Why Baby Clicking While Bottle Feeding


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Why Baby Clicking While Bottle Feeding

Bottle feeding is a cherished bonding experience between parents and babies, but what happens when you hear an unexpected clicking sound during feeding time? If you’re puzzled by why your baby is clicking while bottle feeding, you’re not alone. In this article, we’ll explore the possible reasons behind this phenomenon and provide actionable tips to help you address it effectively.

Understanding the Clicking Sound:

The clicking sound that occurs during bottle feeding can be attributed to several factors, including:

Poor Latch:

A shallow latch or improper positioning of the bottle nipple in your baby’s mouth may result in a clicking noise as air is drawn in during feeding.

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Tongue Tie:

A tongue tie, a condition where the tissue under the tongue restricts movement, can interfere with your baby’s ability to create a proper seal around the bottle nipple, leading to clicking.Why-Baby-Clicking-While-Bottle-Feeding2

Bottle Nipple Size:

Using a bottle nipple that is too large or too small for your baby’s mouth can cause clicking due to an inadequate seal.

Why It’s Important to Address:

Clicking during bottle feeding may seem harmless, but it can have several implications, including:


Clicking may indicate that your baby is ingesting excessive air, leading to discomfort, gas, and fussiness.

Inefficient Feeding:

A poor latch and clicking can interfere with your baby’s ability to effectively extract milk from the bottle, potentially resulting in inadequate feeding and poor weight gain.

Tips to Address Clicking While Bottle Feeding:

Now that we understand why babies click during bottle feeding, let’s explore ten practical tips to help address this issue:

Ensure Proper Positioning:

Position your baby in an upright, semi-reclined position during feeding to promote a proper latch and minimize air intake.

Check Bottle Nipple Size:

Select a bottle nipple size that is appropriate for your baby’s age and feeding abilities to ensure a secure seal and prevent clicking.

Encourage a Deep Latch:

Gently guide your baby’s mouth onto the bottle nipple, encouraging them to take a deep latch with their lips forming a tight seal around the base.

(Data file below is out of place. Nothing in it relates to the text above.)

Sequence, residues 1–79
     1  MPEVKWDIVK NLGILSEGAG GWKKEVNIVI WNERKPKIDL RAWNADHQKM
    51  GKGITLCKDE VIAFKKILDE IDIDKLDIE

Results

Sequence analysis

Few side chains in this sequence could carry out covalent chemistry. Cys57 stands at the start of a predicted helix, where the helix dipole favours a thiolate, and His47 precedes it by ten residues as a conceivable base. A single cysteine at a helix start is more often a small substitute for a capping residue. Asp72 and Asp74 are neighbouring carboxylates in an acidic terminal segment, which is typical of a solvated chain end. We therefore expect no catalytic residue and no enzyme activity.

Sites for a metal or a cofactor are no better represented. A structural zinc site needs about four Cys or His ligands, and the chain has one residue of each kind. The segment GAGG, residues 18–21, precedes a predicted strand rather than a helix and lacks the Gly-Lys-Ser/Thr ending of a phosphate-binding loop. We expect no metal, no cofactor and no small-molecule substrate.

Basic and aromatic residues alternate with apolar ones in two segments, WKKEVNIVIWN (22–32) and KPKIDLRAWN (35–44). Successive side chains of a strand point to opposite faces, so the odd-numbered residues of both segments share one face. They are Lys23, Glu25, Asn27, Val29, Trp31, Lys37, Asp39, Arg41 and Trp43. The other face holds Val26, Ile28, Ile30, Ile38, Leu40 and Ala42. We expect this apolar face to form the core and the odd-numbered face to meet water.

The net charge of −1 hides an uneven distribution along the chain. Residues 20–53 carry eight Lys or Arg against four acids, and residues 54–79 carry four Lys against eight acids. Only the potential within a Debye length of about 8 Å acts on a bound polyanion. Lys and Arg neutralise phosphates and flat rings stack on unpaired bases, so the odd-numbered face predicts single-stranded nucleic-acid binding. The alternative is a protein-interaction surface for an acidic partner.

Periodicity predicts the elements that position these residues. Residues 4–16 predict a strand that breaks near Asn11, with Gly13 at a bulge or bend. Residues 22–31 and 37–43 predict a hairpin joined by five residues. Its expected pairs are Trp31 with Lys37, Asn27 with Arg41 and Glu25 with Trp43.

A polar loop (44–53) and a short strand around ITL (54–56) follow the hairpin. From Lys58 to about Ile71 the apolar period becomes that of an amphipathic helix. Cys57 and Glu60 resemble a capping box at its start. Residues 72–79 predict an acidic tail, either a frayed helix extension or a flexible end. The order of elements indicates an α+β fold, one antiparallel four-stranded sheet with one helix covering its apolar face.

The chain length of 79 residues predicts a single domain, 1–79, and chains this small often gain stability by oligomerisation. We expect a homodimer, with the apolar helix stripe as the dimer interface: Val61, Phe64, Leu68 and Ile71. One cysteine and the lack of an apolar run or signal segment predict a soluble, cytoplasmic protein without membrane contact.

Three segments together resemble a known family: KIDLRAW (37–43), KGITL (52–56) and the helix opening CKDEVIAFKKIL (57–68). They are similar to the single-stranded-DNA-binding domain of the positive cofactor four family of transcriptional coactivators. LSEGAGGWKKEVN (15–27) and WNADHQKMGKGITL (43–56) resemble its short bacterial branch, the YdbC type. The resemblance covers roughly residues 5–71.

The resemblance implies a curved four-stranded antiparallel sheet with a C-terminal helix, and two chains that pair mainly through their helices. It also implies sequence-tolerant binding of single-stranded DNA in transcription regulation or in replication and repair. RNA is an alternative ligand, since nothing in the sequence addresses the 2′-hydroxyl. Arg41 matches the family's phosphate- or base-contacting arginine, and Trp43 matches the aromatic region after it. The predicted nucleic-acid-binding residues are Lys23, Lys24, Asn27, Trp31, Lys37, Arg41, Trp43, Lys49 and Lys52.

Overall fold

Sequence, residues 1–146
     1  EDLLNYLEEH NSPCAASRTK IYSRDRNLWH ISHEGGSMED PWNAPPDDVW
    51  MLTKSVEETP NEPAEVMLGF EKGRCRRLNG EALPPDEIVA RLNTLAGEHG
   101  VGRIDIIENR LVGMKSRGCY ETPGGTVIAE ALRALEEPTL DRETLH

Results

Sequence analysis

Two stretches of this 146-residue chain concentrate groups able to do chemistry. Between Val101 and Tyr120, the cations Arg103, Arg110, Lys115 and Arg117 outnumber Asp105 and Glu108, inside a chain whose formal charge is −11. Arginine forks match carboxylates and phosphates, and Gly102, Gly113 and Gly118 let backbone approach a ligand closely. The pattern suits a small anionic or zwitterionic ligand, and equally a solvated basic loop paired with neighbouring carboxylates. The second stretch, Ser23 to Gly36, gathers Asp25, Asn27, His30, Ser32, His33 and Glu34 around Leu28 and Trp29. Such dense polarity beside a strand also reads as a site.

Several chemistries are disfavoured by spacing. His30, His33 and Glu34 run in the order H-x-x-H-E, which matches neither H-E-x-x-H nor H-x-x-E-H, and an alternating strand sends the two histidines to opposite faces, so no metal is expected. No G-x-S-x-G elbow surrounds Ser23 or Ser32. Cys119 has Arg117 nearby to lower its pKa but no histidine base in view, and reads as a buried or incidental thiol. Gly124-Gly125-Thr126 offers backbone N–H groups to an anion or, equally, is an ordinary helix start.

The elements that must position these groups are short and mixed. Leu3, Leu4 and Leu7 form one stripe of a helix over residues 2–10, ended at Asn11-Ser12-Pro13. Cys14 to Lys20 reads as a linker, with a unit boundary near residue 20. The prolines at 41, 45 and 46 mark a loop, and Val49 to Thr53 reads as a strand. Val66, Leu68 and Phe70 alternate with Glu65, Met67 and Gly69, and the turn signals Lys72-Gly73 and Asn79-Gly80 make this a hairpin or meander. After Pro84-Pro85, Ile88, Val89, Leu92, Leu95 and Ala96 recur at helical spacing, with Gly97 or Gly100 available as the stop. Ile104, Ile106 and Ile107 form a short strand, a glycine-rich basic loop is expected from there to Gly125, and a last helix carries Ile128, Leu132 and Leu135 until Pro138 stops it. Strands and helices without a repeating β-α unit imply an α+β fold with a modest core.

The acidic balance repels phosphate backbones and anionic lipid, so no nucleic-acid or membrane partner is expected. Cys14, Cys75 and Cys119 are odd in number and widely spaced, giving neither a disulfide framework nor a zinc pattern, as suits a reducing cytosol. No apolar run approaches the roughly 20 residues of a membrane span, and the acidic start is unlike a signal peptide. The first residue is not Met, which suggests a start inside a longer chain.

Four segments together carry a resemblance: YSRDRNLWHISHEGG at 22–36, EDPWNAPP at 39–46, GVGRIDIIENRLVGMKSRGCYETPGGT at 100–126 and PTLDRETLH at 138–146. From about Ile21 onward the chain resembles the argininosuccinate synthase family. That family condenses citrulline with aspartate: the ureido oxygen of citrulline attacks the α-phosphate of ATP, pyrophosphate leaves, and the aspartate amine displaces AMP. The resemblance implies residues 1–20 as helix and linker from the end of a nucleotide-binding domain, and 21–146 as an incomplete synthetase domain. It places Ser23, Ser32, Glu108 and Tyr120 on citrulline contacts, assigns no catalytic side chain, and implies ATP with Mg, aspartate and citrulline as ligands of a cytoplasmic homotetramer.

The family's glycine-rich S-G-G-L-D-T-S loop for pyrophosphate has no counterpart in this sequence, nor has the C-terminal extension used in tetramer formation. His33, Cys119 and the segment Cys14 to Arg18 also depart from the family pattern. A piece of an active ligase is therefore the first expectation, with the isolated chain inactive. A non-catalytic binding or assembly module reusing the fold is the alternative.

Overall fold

Monitor Feeding Pace:

Pay attention to your baby’s feeding pace and adjust as needed to prevent them from gulping air or becoming overly eager.

Burp Frequently:

Pause periodically during feeding to burp your baby, allowing trapped air to escape and reducing the likelihood of clicking.

Experiment with Bottle Angles:

Try different bottle angles to find the optimal position that promotes a secure latch and minimizes air intake.

Address Tongue Tie:

If you suspect that your baby may have a tongue tie, consult with a pediatrician or lactation consultant for evaluation and potential treatment options.

Offer Pacifier as Practice:

Introduce a pacifier between feedings to help your baby practice proper sucking techniques and strengthen their oral muscles.

Seek Professional Guidance:

If clicking persists despite your efforts, or if you have concerns about your baby’s feeding habits, consult with a pediatrician or lactation consultant for personalized guidance and support.

Why-Baby-Clicking-While-Bottle-Feeding3Be Patient and Persistent:

Addressing clicking during bottle feeding may take time and patience. Be persistent in implementing these tips and remain attentive to your baby’s cues and needs.

Furthermore, consider the type of bottle you’re using for feeding. Some babies may prefer certain types of bottles over others, so don’t hesitate to experiment with different brands and designs to find the one that works best for your little one.

Additionally, practicing paced bottle feeding can also help reduce clicking and promote a more natural feeding rhythm for your baby. This involves holding the bottle horizontally and allowing your baby to control the flow of milk by pausing for breaks and burping as needed.

Lastly, remember that every baby is unique, and what works for one may not work for another. Be patient and observant, and trust your instincts as a parent to find the best solution for your baby’s feeding needs.

By incorporating these additional tips and suggestions into your feeding routine, you can further enhance the feeding experience for both you and your baby, fostering a deeper bond and promoting healthy growth and development.


In conclusion, understanding why your baby is clicking while bottle feeding is the first step toward addressing this common issue. By implementing the tips provided in this article, you can help promote a smoother feeding experience for your little one, ensuring comfort, efficiency, and bonding during feeding time. Remember to be patient, persistent, and proactive in seeking professional guidance if needed. With time and care, you can overcome clicking during bottle feeding and enjoy precious moments of nourishment and connection with your baby.

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